Toyota products based on the TNGA platform have consistently scored well for their ride and handling balance, offering a direct enough connection to keep you involved while being impressively comfortable all round.
The RAV4 Hybrid is no different. Steering this mid-size SUV is wonderfully predictable and fluid, and it’s just as at home on pimpled inner-city streets as it is out on the freeway.
While the AWD Hybrid setup claims a pretty respectable 163kW system power output, don’t go trying to drag a Tiguan 162TSI from the lights. Toyota’s CVT-equipped hybrid setup is best driven in a measured, relaxed manner.
It almost always sets off on e-power, and the petrol engine kicks in once things are rolling. You can silently putt along below 40km/h on flat ground or descents.
Hit the throttle a little harder and the 2.5L petrol quickly fires, as the CVT flares revs to keep you in the power band. As is the case with Toyota’s hybrid engines, pushing hard can result in a vocal, unrefined soundtrack.
When you’re not wringing its neck, the RAV4 Hybrid gets along in a smooth and relaxed manner, and the shuffling between power sources is generally pretty seamless bar the change in sound.
It’s best suited to urban environments where it can better draw upon its electrified components and save fuel. At certain points during my time with the car I saw an indicated average figure of around 4.5L/100km.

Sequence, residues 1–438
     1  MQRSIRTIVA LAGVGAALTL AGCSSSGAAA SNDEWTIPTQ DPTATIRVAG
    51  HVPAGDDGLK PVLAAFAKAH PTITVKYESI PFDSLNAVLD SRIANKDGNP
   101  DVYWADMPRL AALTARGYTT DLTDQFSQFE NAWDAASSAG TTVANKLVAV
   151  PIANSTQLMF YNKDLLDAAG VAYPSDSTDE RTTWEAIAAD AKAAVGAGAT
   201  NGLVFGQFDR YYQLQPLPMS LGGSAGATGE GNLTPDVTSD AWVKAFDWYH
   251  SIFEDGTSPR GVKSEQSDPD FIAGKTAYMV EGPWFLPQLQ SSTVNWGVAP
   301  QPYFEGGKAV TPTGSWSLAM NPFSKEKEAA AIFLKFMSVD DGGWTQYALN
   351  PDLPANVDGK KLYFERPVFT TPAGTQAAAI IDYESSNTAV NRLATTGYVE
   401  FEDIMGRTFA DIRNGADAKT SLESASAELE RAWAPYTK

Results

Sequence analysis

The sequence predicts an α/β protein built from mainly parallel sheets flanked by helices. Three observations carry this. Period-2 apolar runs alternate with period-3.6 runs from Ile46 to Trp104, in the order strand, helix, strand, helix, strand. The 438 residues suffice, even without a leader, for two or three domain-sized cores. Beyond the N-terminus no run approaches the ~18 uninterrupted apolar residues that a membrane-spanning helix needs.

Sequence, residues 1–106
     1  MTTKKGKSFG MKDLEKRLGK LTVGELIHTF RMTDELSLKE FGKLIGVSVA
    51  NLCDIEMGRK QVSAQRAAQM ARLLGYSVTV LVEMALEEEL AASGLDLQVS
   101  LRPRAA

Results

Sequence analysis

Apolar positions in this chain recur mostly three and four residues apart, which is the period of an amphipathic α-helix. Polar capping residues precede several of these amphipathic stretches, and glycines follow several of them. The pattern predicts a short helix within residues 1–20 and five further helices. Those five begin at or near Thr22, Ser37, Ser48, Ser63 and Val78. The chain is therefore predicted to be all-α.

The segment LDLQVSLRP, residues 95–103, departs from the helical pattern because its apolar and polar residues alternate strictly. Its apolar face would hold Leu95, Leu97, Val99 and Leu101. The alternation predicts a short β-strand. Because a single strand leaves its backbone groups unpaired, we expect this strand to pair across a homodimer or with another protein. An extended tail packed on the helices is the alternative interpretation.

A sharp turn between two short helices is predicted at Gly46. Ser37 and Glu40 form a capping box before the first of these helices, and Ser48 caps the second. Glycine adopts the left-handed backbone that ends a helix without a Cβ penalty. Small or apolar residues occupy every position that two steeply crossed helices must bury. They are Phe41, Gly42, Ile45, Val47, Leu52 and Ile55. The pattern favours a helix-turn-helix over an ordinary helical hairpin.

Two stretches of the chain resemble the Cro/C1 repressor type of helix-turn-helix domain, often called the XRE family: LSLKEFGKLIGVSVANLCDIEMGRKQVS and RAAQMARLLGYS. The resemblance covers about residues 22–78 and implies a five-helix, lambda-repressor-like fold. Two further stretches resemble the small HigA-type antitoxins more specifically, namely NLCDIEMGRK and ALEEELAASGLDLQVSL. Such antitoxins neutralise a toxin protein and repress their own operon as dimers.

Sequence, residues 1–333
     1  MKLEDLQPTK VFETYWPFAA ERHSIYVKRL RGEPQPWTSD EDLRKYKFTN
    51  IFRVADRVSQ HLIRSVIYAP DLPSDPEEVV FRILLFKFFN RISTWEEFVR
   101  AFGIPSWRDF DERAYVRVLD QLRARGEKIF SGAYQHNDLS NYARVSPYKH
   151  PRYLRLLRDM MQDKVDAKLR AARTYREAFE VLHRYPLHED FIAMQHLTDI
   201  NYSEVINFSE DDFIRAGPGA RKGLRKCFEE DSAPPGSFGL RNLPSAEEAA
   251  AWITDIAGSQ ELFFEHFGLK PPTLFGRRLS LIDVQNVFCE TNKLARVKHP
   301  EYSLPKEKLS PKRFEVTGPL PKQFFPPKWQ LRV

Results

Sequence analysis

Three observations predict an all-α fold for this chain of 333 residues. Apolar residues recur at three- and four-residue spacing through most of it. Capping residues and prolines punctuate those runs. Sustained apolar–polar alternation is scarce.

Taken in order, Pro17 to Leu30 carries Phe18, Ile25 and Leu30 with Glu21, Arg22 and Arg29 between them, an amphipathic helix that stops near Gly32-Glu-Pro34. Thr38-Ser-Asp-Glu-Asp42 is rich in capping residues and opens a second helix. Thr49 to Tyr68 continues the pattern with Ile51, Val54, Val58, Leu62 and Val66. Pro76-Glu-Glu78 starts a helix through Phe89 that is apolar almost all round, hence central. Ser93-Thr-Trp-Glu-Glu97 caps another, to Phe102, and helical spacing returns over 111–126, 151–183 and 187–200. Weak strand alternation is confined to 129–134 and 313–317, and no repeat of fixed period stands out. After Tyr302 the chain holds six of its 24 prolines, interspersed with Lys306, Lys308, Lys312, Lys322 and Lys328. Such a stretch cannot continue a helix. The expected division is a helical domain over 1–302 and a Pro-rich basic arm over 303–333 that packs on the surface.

That doesn’t mean it falls apart on the highway though. You’ll require a bit more from the petrol engine to get there, but the petrol-electric RAV4 will happily sit at triple figures.
Fuel consumption with consistent highway use will have it sitting in the low 5.0L/100km mark, and there’s enough grunt on tap for 110km/h zones or for overtaking – just be liberal with your right foot.
When things get twisty the RAV4 is happy to play along, too. As noted earlier the TNGA underpinnings and communicative controls mean it’s not a bore to pilot this thing through bends, and if you flick it into Power mode both power sources team up to give you a bit of shove.
Overall refinement is generally pretty good, though not class leading. Rougher road surfaces transmit some tyre roar through the floor, and the grumbly petrol engine can get vocal up hills or under hard throttle.
Toyota’s suite of assists are impressive. Where previous generations of product had overzealous steering corrections and an infuriating range of beeps and bongs, this latest iteration is intuitive, more natural and more likely to be kept on.